A man in a park with his direct support professional. The man is in a wheelchair.

A man sleeps in his wheelchair because of staff shortages. A professional providing support to people with disabilities loses her husband to COVID-19. While working with a person with a compromised immune system, a young father considers the risks of spreading the disease from home to work.  

In a series of true-life stories, direct support professionals (DSPs) are sharing their decisions about vaccinating themselves against COVID-19. The Institute on Community Integration is producing the series, which already includes five public service announcements filmed in Minnesota this summer. ICI is also partnering with the National Alliance for Direct Support Professionals to produce additional PSAs in New York. The work is part of a cooperative agreement with the Association of University Centers on Disabilities (AUCD), funded by the Centers for Disease Control and Prevention, to promote vaccine confidence.  

“Our goal is to build connections, share information, and provide authentic stories of DSPs about the importance of their work and why they chose to get vaccinated,” said Jennifer Hall-Lande, who, along with Lynda Lahti Anderson, co-leads ICI’s COVID-19 vaccine access and confidence project.  

The announcements urge DSPs, who support people with intellectual and developmental disabilities (IDD), to consider their own and others’ health as they decide whether to vaccinate themselves. Some evoke the Ad Council tagline “It’s up to you,” acknowledging that the power to protect people from the worst of the disease often resides with DSPs themselves. While many healthcare facilities mandate vaccines, DSPs, who work in a variety of settings, often do not face vaccine mandates. Research studies have shown people with IDD are at substantially higher risk than the general population of getting COVID-19 and of dying from it. In a July survey performed by ICI, more than a quarter of DSPs were not vaccinated, a higher rate than the general population. 

“I’ll just be careful, wash my hands, and wear a mask,” Natalie, a DSP, says in one of the announcements about her first thoughts about the vaccine, citing concerns about potential side effects. “But then I thought, you know what, I’m taking care of some very important people.”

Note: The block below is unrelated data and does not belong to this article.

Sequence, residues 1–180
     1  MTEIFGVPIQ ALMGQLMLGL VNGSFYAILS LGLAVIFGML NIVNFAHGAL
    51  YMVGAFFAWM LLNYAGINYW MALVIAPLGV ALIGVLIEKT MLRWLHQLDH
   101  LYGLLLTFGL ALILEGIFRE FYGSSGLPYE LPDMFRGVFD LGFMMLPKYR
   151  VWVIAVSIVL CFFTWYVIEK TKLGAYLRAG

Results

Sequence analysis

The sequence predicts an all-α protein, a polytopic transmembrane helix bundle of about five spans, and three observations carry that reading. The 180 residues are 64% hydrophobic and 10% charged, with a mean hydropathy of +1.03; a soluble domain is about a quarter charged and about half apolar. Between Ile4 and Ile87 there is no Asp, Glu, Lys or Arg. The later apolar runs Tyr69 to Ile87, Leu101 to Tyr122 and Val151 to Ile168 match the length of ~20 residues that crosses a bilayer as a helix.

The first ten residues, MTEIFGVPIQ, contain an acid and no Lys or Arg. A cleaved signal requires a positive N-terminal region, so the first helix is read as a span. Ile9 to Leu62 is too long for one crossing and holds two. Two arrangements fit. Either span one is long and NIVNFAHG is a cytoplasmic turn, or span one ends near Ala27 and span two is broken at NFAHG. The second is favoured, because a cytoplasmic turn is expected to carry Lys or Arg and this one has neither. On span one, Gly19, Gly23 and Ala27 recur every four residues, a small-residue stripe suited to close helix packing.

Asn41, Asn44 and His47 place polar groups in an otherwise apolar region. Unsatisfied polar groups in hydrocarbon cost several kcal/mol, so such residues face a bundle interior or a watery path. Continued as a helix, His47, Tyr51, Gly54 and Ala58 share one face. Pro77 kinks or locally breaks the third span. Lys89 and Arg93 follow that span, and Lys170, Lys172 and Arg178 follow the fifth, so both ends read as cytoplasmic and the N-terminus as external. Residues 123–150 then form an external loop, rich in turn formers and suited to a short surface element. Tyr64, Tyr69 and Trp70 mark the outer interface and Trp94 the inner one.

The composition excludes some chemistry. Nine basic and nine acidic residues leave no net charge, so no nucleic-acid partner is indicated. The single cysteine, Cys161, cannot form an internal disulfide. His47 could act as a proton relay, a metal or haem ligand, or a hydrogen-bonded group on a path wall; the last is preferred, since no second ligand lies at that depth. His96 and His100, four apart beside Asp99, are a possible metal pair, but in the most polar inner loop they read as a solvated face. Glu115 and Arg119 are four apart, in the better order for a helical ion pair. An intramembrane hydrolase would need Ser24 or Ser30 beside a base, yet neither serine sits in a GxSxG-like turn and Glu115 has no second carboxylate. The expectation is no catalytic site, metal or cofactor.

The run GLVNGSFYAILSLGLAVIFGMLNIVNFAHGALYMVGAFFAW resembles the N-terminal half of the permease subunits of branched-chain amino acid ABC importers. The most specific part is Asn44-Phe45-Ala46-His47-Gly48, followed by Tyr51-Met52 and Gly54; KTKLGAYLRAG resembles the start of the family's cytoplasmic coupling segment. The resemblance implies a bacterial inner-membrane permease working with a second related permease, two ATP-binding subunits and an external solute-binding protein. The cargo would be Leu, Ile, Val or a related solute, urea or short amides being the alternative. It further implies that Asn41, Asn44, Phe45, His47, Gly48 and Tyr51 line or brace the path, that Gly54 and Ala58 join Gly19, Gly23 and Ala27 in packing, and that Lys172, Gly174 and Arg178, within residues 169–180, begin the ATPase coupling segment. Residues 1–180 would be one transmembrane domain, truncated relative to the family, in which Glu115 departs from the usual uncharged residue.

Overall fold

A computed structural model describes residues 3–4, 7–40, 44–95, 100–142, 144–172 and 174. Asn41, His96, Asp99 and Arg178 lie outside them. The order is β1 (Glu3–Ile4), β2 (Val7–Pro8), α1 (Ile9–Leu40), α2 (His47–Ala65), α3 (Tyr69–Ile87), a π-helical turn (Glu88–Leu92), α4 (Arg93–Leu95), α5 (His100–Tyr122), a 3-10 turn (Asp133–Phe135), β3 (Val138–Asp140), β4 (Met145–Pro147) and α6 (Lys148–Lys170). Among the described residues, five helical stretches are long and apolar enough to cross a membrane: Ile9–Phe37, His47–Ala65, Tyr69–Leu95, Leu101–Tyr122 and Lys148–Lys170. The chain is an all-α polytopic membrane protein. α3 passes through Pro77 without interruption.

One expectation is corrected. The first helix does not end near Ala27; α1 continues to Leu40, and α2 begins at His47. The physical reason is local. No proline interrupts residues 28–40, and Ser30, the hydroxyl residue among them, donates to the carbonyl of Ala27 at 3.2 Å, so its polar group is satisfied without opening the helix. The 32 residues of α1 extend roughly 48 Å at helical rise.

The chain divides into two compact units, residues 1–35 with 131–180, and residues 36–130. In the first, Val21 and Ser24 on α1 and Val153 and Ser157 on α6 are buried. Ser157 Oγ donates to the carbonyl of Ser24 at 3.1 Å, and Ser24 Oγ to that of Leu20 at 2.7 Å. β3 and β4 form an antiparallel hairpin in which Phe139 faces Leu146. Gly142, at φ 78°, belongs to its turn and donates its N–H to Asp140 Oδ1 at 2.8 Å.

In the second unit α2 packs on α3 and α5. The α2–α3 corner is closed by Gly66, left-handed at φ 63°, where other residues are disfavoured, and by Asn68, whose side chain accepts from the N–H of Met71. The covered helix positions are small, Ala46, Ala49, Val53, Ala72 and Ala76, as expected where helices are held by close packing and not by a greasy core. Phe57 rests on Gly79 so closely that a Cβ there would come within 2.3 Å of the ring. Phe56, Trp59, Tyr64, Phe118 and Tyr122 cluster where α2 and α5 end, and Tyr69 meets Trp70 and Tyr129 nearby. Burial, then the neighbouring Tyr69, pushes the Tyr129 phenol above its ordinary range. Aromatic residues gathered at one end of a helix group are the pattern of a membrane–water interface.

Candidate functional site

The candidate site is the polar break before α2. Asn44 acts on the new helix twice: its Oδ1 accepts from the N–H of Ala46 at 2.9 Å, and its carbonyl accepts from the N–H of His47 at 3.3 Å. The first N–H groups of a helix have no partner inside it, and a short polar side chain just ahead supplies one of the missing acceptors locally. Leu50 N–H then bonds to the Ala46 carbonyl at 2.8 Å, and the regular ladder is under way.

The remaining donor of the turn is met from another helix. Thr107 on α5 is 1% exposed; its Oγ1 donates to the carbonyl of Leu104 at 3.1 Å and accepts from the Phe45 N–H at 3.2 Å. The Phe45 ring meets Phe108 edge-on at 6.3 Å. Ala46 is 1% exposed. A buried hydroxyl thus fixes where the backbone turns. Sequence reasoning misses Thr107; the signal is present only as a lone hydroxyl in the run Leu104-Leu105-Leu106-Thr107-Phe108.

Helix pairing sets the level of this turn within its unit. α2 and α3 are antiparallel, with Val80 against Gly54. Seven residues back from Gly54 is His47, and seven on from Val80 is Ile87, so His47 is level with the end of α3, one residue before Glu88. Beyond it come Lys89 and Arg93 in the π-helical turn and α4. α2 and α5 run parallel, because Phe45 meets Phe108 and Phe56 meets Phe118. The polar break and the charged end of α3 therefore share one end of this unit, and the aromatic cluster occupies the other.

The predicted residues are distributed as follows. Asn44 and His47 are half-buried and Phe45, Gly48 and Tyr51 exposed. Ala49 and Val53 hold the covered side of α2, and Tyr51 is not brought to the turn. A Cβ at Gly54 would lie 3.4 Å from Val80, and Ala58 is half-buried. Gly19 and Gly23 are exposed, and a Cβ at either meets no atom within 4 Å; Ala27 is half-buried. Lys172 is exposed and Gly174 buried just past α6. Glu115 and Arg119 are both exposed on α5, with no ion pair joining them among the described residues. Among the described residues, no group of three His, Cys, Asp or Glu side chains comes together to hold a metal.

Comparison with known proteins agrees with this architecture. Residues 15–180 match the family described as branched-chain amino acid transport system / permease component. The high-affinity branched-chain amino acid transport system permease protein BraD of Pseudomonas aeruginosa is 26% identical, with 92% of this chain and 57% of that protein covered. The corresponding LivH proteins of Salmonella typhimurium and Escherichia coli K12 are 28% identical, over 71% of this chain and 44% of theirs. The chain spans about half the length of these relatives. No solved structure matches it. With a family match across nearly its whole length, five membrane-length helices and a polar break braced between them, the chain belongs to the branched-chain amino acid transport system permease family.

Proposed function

Mixed messages about COVID-19 in various media also stopped Sara from getting a vaccine initially, she shares in another video. After doing her own research, she decided to get the vaccine, and convinced a few colleagues to join her. 

“We know that many of the unvaccinated are not responding to public health experts, or facts, about COVID-19, and unfortunately the issue has become politicized,” said Jerry Smith, ICI’s director of marketing and communications. “Our approach is to capture DSPs speaking peer to peer about their deep commitment to the people they support and why vaccinations matter to them.” 

Smith is directing the videos, and ICI’s Pete McCauley is filming and editing the work. More announcements, from Minnesota and other parts of the country, will be added in the next few months. Social media, email blasts, and websites of agencies supporting people with disabilities are the primary dissemination channels for the PSAs, which run from 30 to 90 seconds. The initial five announcements have had more than 10,000 page views. 

ICI Director Amy Hewitt, a former DSP, praised direct support workers for their service to people with disabilities during the pandemic, despite being substantially overworked and underpaid for the responsibilities they assume. 

“DSPs continued to show up to support people with disabilities despite a deadly pandemic,” Hewitt said. “Our message to them is that we recognize both their professionalism and their concerns about vaccinations. We hope to showcase independent thinkers who considered all the facts and, ultimately, chose to protect themselves and those they support. We are incredibly grateful for all of the sacrifices they make so that people with disabilities can live better lives.”

A recent Kaiser Family Foundation study shows that more than 3,600 healthcare workers have died in the first year of the pandemic, and frontline workers were much more likely to die than other clinicians.  

“This is a major concern,” said Joseph Macbeth, president of NADSP. “Since the onset of the pandemic, NADSP has tried to make sure that DSPs have access to the most timely, reliable, and fact-based information available. When the opportunity arose to create these public service announcements, we knew ICI would be the perfect partner because of its decades of direct support workforce and documentary work. Our organizations share a deep commitment to direct support professionals, and I believe this work will provide vitally important information in a respectful and dignified way.”